CAIRO, November 19, 2011―Questions continue to swirl about Cleopatra VII, the most famous queen of Egypt (69 B.C. – 30 B.C.). There are questions about her origin: Was she Egyptian, or Greek? There’s her suicide: Did she commit suicide because of Antony’s death, or was she killed after she surrendered to Octavian in 31 B.C? An interesting question is related to her beauty: Was she really the charming goddess who almost defeated the Roman republic? The most complete account of her appearance comes from the Roman historian Plutarch, whose descriptions served as the basis for Shakespeare’s “Antony and Cleopatra,” as well as Bernard Shaw’s “Caesar and Cleopatra.”
Plutarch was brutally unsympathetic when he claimed that Cleopatra was a “fat woman with a big belly and a big nose!” This claim is refuted by evidence of scenes from temples dedicated to Hathor – goddess of beauty, music and motherhood. In on one of the key scenes at Dendera temple, Cleopatra is identified with the goddess of beauty.
Defenders of her beauty, like the historian W.W.Tarn in the Cambridge Ancient History (Vol.10, chap. 2,3), believe that our modern image of Cleopatra as a “sex-mad Siren” is due to ignorance. In fact, all the stories of her sexual exploits, aside from her relations with Caesar and Antony, were almost certainly fabricated as part of the propaganda campaign of the roman historians to discredit her as well as Antony. Cleopatra used her body as well as her mind to achieve political ends. Her standards of conduct differed widely from Roman custom and law, and are generally repugnant to present day Europeans and Americans.
Her enemies banded together to defeat Cleopatra at Rome because of her intelligence and determination. Legend has immortalized her as a charming, feminine goddess. According to Egyptian folklore, she had the most charming voice, capable of putting any person under her spell. She also reportedly spoke more than 20 different languages fluently.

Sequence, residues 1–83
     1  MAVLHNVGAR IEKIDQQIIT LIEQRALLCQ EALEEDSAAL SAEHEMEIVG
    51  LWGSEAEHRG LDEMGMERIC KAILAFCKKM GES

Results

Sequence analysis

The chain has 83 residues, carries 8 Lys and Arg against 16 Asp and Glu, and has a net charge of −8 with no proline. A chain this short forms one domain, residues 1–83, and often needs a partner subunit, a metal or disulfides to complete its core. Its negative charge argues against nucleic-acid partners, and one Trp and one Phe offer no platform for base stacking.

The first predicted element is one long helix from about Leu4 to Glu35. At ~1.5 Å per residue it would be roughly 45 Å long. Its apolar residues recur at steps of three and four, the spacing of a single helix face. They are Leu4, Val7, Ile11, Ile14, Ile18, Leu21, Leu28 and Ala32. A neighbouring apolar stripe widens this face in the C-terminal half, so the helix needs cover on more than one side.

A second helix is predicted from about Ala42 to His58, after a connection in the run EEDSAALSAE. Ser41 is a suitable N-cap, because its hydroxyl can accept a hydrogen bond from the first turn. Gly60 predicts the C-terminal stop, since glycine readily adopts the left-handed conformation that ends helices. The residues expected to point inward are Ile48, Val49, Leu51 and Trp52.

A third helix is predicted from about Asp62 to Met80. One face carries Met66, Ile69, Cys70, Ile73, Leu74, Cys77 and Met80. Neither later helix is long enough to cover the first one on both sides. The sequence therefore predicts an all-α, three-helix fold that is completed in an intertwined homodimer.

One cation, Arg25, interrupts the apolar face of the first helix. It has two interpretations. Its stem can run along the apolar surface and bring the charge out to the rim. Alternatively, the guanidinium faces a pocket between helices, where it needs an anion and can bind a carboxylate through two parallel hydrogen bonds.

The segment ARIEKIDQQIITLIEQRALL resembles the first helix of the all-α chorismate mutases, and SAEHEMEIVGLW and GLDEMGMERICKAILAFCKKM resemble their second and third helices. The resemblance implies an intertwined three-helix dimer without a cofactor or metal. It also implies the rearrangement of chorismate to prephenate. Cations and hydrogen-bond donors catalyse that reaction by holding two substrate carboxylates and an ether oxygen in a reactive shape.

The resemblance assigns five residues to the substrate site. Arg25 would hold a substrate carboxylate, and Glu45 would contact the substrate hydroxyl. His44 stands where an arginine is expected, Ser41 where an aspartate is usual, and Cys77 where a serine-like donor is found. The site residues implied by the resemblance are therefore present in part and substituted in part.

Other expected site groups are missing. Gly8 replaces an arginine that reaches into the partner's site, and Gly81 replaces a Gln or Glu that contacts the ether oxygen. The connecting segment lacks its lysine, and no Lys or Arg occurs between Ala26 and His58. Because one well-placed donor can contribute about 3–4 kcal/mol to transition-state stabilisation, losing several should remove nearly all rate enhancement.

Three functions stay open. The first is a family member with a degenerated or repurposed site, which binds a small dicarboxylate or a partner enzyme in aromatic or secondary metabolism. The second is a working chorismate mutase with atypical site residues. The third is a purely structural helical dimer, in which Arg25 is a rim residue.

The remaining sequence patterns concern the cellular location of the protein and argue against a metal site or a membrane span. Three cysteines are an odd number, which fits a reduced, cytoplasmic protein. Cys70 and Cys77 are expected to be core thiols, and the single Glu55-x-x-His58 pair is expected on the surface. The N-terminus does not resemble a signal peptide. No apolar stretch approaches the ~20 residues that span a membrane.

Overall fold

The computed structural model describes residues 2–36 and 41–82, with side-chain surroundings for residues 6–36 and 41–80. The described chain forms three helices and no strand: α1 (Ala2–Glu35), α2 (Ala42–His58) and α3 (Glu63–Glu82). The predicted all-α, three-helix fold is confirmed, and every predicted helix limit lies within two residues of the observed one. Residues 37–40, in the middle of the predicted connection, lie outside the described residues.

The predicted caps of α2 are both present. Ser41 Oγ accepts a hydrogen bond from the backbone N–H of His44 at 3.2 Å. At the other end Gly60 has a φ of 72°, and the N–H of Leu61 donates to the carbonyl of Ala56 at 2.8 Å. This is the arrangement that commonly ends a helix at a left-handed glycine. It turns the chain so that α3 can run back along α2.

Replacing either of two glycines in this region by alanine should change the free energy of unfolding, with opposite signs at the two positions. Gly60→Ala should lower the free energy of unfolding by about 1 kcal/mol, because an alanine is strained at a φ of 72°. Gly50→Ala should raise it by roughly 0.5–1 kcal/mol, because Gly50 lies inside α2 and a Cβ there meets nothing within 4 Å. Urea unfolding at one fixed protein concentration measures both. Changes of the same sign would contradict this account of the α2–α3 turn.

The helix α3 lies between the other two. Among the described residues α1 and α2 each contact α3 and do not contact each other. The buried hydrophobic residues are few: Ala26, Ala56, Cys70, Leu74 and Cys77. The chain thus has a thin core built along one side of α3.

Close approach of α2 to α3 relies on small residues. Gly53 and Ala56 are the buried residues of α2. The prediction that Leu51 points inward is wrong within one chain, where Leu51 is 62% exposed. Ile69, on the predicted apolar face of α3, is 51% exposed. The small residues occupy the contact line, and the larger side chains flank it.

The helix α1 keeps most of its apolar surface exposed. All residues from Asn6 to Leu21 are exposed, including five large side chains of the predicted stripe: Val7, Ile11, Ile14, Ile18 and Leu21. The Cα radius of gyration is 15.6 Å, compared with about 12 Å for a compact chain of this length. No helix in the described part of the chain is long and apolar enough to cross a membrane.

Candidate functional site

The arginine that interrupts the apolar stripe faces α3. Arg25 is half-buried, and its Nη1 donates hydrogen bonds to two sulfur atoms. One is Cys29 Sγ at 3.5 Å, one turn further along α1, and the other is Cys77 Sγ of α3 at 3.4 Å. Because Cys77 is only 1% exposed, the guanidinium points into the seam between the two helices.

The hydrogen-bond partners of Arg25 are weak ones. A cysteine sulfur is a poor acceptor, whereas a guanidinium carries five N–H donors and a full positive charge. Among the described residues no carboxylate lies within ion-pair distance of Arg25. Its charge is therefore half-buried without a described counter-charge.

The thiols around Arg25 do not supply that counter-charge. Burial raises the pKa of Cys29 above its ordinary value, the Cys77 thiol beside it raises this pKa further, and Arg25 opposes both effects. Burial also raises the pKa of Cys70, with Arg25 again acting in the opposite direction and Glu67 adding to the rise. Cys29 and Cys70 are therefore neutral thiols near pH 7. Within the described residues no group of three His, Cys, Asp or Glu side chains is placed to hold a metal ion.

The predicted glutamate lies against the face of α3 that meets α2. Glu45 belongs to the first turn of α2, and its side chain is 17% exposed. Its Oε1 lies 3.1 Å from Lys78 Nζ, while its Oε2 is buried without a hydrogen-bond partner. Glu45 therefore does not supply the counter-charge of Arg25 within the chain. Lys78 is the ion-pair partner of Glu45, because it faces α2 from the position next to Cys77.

In Egypt, Cleopatra’s beauty was never questioned. Different cosmetic recipes are attributed to her, special natural soaps and oils are named after her. Famous facial masks as well as the famous “Cleopatra’s bath” are recommended to restore the beauty of the skin and the body. It is fun to know that some ladies even today consider this bath as a special treat. They fill a tub with milk and honey and stay for several hours.
Some Egyptian writers, especially Ahmed Shawky (the Shakespeare of Egypt), who wrote a play in Arabic called “The death of Cleopatra,” completely oppose the western view of Cleopatra. In Shawky’s play, she is portrayed as a legendary heroine who attempts to save her kingdom through manipulating the two Roman leaders, Julius Caesar and Marc Antony. Shawki praises her extraordinary efforts to revive the Ptolemaic kingdom through her forceful personality and political skill. Her tragic end is seen as a victory in the Egyptian version, since the asp (cobra) is believed to be a royal symbol of ancient Egypt, and what matters in the end is sending her spirit to eternity.
Cleopatra’s death was considered as a turning point in the history of Egypt. After it the country lost its sovereignty for centuries and was ruled by foreign invaders until the 1952 revolution led by Gamal Abdul Nasser.
Of this there is no doubt: Cleopatra’s beauty of mind was as powerful as the beauty of her body in the heroic attempt to preserve Egypt’s independence from Rome.
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